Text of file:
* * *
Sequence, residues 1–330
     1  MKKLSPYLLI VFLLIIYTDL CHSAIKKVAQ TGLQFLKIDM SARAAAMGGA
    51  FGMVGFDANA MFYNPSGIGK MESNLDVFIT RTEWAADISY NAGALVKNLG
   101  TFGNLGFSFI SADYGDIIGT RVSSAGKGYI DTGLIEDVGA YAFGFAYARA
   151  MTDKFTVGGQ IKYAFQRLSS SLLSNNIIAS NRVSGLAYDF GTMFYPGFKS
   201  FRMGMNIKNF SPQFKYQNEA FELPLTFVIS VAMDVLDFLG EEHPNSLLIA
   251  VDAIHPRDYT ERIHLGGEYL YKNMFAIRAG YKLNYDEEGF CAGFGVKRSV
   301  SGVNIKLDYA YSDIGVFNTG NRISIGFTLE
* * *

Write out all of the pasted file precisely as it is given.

Sequence, residues 1–330
     1  MKKLSPYLLI VFLLIIYTDL CHSAIKKVAQ TGLQFLKIDM SARAAAMGGA
    51  FGMVGFDANA MFYNPSGIGK MESNLDVFIT RTEWAADISY NAGALVKNLG
   101  TFGNLGFSFI SADYGDIIGT RVSSAGKGYI DTGLIEDVGA YAFGFAYARA
   151  MTDKFTVGGQ IKYAFQRLSS SLLSNNIIAS NRVSGLAYDF GTMFYPGFKS
   201  FRMGMNIKNF SPQFKYQNEA FELPLTFVIS VAMDVLDFLG EEHPNSLLIA
   251  VDAIHPRDYT ERIHLGGEYL YKNMFAIRAG YKLNYDEEGF CAGFGVKRSV
   301  SGVNIKLDYA YSDIGVFNTG NRISIGFTLE